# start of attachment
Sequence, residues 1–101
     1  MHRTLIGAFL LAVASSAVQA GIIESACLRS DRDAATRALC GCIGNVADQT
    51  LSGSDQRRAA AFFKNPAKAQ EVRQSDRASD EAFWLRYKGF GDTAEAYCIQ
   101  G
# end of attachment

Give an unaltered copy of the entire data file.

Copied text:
Sequence, residues 1–101
     1  MHRTLIGAFL LAVASSAVQA GIIESACLRS DRDAATRALC GCIGNVADQT
    51  LSGSDQRRAA AFFKNPAKAQ EVRQSDRASD EAFWLRYKGF GDTAEAYCIQ
   101  G